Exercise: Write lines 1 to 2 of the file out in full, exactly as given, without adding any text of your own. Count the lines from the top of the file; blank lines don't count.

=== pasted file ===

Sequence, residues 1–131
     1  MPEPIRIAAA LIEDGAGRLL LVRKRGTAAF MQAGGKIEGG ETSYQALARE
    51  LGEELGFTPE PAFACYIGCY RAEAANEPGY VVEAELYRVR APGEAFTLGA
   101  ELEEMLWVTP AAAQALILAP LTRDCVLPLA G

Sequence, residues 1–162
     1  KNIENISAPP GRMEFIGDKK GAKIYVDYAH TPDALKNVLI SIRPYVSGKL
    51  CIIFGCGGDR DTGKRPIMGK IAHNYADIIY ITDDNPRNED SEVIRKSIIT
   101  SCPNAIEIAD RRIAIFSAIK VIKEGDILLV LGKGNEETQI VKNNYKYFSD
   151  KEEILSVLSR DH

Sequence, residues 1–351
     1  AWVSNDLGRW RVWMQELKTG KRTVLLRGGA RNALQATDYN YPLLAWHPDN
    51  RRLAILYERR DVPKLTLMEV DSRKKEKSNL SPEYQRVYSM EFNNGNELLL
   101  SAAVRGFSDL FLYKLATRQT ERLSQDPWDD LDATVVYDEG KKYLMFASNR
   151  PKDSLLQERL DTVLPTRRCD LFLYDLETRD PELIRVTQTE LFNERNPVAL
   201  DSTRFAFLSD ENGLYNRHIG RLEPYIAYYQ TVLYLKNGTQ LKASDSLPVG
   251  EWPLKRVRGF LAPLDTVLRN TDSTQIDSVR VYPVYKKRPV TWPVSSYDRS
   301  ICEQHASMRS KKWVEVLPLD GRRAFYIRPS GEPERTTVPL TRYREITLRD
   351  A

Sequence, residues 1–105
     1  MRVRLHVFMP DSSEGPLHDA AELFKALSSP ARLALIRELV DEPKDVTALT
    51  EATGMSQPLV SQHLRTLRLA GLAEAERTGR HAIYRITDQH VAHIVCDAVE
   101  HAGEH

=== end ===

Sequence, residues 1–131
     1  MPEPIRIAAA LIEDGAGRLL LVRKRGTAAF MQAGGKIEGG ETSYQALARE